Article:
"Early Childhood Brain Development"


Two Little Groundhogs 

Two little groundhogs in a burrow so deep 

(make fists with thumbs inside) 

Stick out their heads to take a peek! 

(stick out thumbs from fists) 

They look to the left, 

(move thumbs left) 

They look to the right, 

(move thumbs right) 

And they hide from their shadows 

(pull thumbs back in fists) 

in the bright sunlight!


You're My Valentine (Tune: "Love Me Tender") Everyone should be down on one knee with both hands on their hearts as they sing this song like Elvis! 

You're my rainbow,  

you're my star,  

you're my bright red cookie jar.  

You're my goldfish,  

you're my pie,  

you're the apple
of my eye.  

You're my daisy,  

you're my vine,  

you're my own
true Valentine!  

And my darlin',  

I love you.  

Won't you please
be mine?

1,2 You Know
What To Do 

You know what to do. 

Sit on the floor. 

Your feet you fix. 

Sit up straight. 

Let's listen again.

Our Favorite Ideas from Pinterest this month:

*Eye-foot coordination, crossing midline, visual focus and fun! Make a right side line with red beanbags and a left line beside it with blue beanbags. Place a red sticker on the child's left foot and a blue sticker on her right. Tell the child to walk on the beanbags placing her "red foot" on the red bags and "blue foot" on the blue ones. This will cause her feet to cross the midline of her body and exercise her brain!

*Make a Rules Poster using Mr. Potato Head parts to accentuate each rule - "Eyes Looking, Ears Listening," etc.

*Write different letters of the alphabet on the bubbles on a piece of large bubble wrap. Pass it around the circle and let each child identify a letter and pop a bubble!

*Make up your own "...Hunt" songs using the Bear Hunt tune. Ask the kids what they'd like to hunt. Then brainstorm where it would be, what sort of obstacles they might encounter on the way, and how they would get around those obstacles. Voila! You've created a new movement song.

*The One Minute Club - everything is more fun when children are racing the clock! Challenge children to see how many jumping jacks or wind sprints to the fence or trips up the stairs and down the slide, etc. they can accomplish in one minute. All participants get a high five welcome to the One minute Club!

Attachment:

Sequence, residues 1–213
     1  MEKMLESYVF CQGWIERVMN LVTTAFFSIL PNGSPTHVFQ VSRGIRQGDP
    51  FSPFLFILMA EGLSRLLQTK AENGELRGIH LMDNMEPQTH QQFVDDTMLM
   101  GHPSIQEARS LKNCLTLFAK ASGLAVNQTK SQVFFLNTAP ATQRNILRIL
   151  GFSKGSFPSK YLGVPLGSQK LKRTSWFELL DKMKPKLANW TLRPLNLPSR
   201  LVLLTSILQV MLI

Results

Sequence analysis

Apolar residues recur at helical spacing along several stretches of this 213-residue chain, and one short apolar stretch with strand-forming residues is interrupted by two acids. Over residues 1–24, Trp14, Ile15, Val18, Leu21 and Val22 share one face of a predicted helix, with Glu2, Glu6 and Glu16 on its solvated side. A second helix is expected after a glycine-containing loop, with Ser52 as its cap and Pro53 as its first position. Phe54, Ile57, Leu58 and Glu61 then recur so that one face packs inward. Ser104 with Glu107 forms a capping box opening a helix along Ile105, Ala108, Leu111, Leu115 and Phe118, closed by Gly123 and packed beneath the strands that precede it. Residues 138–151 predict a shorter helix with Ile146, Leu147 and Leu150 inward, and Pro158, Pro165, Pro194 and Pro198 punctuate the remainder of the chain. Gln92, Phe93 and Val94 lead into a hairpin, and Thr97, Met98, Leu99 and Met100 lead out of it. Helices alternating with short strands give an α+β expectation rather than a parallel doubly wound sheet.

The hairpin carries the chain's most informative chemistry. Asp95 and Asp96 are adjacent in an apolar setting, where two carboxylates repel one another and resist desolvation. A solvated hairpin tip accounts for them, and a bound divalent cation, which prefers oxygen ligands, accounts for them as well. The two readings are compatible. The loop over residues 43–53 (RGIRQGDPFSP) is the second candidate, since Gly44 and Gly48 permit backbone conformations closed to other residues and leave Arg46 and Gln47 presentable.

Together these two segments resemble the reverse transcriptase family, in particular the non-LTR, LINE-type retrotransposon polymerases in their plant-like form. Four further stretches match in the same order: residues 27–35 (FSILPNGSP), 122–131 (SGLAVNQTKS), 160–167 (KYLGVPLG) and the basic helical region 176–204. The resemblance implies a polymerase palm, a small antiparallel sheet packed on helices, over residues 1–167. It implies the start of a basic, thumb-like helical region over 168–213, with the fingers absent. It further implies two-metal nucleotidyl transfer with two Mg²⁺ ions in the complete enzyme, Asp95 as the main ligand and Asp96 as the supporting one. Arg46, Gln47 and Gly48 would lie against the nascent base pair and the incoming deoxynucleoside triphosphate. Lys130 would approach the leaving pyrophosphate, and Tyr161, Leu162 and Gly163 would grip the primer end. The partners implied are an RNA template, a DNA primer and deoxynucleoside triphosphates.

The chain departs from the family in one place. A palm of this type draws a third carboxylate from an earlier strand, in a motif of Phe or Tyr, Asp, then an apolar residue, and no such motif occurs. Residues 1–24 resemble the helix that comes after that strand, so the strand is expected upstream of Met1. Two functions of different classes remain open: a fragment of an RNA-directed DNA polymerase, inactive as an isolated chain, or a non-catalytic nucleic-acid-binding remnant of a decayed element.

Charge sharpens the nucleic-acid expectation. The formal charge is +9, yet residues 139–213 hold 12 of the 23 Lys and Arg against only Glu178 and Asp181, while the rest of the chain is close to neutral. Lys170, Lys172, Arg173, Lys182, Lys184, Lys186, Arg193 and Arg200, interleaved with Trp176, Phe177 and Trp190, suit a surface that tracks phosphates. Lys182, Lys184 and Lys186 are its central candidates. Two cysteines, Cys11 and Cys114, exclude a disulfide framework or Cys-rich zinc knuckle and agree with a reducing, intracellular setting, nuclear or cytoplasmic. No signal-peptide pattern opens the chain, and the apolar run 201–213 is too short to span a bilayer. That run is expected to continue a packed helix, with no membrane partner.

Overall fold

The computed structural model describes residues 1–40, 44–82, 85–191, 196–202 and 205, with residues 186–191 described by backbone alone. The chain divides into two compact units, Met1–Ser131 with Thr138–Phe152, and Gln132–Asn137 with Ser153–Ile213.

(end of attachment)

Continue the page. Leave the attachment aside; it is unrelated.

spotlight products

  • Employer's Reference Manual
  • Hiring Forms
  • Employment Forms
  • Employee Handbook
  • Parent Handbook
  • Training Materials
  • and more! 


You can purchase our products online right here! While visiting our website, be sure to click on "Newsletter" and scroll to the bottom of the page to view past newsletters. More great ideas you can use right away!     

You'll also want to visit our  document center for free information you can print and use today!  

Parent News logo

 Offer Valentine's Day babysitting after hours! This is a terrific service to offer parents! Even families who do not take advantage of it may brag about it to their friends co-workers and neighbors. Great word-of-mouth advertising!

Include a "Refer a Friend Coupon" for a free week of child care in your monthly newsletter this month and again each quarter.

Encourage parents to let their children write or "scribble write" their own names on the backs of valentines to distribute to classmates and other friends at the child care center. They should not be concerned with addressing the valentines to specific children. This will also allow the children to "deliver" the valentines or place them in the valentine bags themselves rather than sitting and watching the teacher do it for them.  



  • On-site Training for Staff and Management
  • Consultation
  • Brokerage Services
  • Products

For information visit www.thechildcareconsultinggroup.com or call 972-979-0282

Previous Newsletters
February 2013 Newsletter March 2013 Newsletter
April 2013 Newsletter May 2013 Newsletter
June 2013 Newsletter July 2013 Newsletter
August 2013 Newsletter September 2013 Newsletter
October 2013 Newsletter November 2013 Newsletter
December 2013 Newsletter